Boxing News - - Letters -

AS a box­ing fan for nearly 30 years, I of­ten re­flect nos­tal­gi­cally on the late ‘80s and ‘90s and won­der why the sport in this era isn’t as good. Maybe the busi­ness side of box­ing has taken over the com­pet­i­tive side, ren­der­ing a lot of very ex­cit­ing matchups im­pos­si­ble, due to pro­mot­ers and man­agers be­ing risk-averse to a ca­reer­dam­ag­ing loss.

I long for the type of at­mos­phere that the likes of Nigel Benn and Chris Eubank brought to the masses, not to men­tion the in­cred­i­bly tal­ented Naseem Hamed, who prob­a­bly was a bea­con for many as­pir­ing am­a­teur box­ers be­gin­ning their ca­reers. It seems these days are long gone – the likes of Thomas Hearns, Marvin Ha­gler, Roberto Duran and Su­gar Ray Leonard all fac­ing off against each other is now a dis­tant mem­ory. I fear to­day that these type of elite matches just won’t hap­pen.

I have no­ticed a sub­tle dif­fer­ence in press con­fer­ences as well. The box­ers of­ten sit in the back­ground while the pro­mot­ers and train­ers put on a cir­cus, pre­sum­ably to sell tick­ets. For me, it has be­come too much like a pan­tomime with­out a con­clu­sive end­ing. I love the sport and al­ways will, but I can’t help think­ing that it used to be bet­ter in yes­ter­year when fight­ers fought each other for the chal­lenge, and a loss, if it hap­pened, was just an oc­cu­pa­tional hazard.

Rather sur­pris­ingly, the Cin­derella Man of mod­ern times is Dil­lian Whyte, who ap­pears to be afraid of no one and is open to any chal­lenge. His out­look is re­fresh­ing, to say the least. You would be fool­ish to rule him out of be­com­ing a world cham­pion.

Per­haps in the golden era of the ‘80s and ‘90s we were just spoiled by box­ing con­tests that lit­er­ally had fans glued to the TV. I can count on my fin­gers over the last five years how many fights have given me that ex­hil­a­ra­tion.

We need a new Leonard or a mod­ern equiv­a­lent of Hamed to burst onto the scene and cre­ate the razzmatazz that box­ing needs to reach the heights once more. Ricky Wright-colquhoun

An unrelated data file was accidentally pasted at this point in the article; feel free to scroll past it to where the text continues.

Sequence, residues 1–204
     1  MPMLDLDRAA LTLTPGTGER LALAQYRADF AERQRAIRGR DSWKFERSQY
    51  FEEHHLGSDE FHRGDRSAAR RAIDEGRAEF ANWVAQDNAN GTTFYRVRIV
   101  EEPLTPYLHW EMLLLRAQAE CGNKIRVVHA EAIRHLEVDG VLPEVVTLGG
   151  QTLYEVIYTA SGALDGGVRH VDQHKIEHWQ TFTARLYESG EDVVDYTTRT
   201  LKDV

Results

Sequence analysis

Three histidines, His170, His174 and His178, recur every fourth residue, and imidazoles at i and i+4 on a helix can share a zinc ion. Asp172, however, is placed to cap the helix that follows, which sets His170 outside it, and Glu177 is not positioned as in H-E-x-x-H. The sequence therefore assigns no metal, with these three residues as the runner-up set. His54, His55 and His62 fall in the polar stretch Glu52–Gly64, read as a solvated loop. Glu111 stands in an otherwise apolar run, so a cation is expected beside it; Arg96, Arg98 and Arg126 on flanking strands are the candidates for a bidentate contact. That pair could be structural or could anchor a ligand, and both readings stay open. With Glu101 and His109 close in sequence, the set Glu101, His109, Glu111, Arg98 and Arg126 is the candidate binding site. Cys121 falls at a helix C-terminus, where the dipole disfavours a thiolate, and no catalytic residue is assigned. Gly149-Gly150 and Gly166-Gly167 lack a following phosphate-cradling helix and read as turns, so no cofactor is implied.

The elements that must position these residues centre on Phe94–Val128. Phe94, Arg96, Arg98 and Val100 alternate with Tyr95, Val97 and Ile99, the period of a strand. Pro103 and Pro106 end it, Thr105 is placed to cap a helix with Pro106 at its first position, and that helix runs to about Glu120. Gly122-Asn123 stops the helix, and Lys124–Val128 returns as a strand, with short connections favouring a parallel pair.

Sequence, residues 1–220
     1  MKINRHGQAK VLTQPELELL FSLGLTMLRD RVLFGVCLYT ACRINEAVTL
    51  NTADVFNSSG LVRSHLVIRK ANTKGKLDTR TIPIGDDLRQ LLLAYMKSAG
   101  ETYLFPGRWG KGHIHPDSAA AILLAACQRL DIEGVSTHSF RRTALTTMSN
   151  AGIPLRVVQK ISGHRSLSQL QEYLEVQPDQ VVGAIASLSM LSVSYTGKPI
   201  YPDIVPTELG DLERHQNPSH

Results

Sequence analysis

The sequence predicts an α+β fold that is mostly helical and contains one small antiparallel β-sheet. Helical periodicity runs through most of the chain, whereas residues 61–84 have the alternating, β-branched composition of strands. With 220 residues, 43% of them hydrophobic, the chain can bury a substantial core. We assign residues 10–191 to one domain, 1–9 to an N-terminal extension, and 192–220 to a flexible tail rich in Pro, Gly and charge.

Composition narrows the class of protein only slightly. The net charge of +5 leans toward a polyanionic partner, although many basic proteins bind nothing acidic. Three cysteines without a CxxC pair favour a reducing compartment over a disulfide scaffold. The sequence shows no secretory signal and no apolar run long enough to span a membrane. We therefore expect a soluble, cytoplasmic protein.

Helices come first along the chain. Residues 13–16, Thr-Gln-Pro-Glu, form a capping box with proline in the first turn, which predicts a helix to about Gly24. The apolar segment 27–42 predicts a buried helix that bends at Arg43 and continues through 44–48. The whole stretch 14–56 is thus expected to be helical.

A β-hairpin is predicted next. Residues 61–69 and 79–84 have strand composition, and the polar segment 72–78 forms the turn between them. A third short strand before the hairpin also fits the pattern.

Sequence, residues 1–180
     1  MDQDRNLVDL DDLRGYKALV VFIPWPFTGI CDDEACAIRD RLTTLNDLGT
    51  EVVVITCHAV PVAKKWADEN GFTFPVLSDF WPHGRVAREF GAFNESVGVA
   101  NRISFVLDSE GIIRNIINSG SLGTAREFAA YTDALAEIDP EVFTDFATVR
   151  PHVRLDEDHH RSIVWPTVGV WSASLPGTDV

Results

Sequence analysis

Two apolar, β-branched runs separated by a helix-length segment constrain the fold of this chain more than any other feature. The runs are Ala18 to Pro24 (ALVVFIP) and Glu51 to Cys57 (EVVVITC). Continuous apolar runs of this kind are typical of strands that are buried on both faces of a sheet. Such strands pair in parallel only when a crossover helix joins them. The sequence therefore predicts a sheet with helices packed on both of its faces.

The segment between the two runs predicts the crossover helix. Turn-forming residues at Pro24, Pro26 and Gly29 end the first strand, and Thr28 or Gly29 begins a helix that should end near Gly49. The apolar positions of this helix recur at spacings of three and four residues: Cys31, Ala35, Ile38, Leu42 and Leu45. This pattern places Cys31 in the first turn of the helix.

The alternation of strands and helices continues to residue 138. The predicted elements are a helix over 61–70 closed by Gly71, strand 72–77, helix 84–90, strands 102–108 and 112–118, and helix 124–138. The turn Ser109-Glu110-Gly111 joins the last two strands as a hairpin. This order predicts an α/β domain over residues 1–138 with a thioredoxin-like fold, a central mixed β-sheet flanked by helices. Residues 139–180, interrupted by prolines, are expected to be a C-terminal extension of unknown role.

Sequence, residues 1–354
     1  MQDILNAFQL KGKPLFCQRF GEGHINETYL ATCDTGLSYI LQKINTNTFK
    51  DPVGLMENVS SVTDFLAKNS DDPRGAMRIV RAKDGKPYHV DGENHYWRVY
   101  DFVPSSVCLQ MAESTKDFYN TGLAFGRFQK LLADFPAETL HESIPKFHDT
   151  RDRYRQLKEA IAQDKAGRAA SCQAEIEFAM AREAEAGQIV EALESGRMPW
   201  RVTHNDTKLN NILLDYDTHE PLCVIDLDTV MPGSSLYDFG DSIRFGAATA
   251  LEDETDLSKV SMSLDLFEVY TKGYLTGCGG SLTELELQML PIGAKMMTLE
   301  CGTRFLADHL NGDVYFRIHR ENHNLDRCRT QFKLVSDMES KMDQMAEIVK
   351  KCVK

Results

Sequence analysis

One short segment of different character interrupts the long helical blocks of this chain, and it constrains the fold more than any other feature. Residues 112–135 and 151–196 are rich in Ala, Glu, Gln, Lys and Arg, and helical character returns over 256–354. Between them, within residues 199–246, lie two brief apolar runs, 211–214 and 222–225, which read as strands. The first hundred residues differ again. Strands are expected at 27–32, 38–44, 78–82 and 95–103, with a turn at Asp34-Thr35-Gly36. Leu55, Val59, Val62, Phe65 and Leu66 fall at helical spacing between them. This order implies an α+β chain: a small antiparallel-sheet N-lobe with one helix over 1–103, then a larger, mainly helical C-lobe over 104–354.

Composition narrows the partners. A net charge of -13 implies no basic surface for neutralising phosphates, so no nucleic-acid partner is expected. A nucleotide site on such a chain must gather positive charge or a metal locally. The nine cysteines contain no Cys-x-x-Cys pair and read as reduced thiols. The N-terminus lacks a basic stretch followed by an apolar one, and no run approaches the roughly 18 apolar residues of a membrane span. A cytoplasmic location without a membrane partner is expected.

ON the day of the An­thony Joshuaalexan­der Povetkin fight, I watched a re-run of the Deon­tay Wilder-luis Or­tiz bout from March. I later watched Joshua vs Povetkin with my lads and we all said that Joshua didn’t look him­self. We were wor­ried be­cause he looked poorly, but more so be­cause Povetkin was a se­ri­ous con­tender and dan­ger­ous puncher. How Joshua stood up to flu, what looked like a bro­ken nose and Povetkin’s hooks was some state­ment.

To take out Povetkin in a man­ner that no other fighter has been ca­pa­ble of do­ing be­fore shows a cer­tain truth about Joshua – he may have his flaws, but once he sees a way to fin­ish an op­po­nent, his in­stincts are of a top-class cham­pion. Do we re­ally think if Joshua stunned Wilder like Or­tiz did he would get away with it? I don’t think so. I don’t think Wilder would’ve taken Povetkin’s early punches like Joshua did, ei­ther. Be care­ful what you wish for, Mr Wilder. You have enough on your plate with Tyson Fury! Ray Fox


AF­TER fight­ing Carl Froch while liv­ing out of my car, spend­ing eight years of my ca­reer box­ing in the UK, and giv­ing au­di­ences many great nights, I’d like to let the fans know about my new book – Bro­ken Dreams: The Un­told Truth. Ruben Groe­newald


GLORY DAYS: Hamed at his peak re­mains a trea­sured mem­ory for so many

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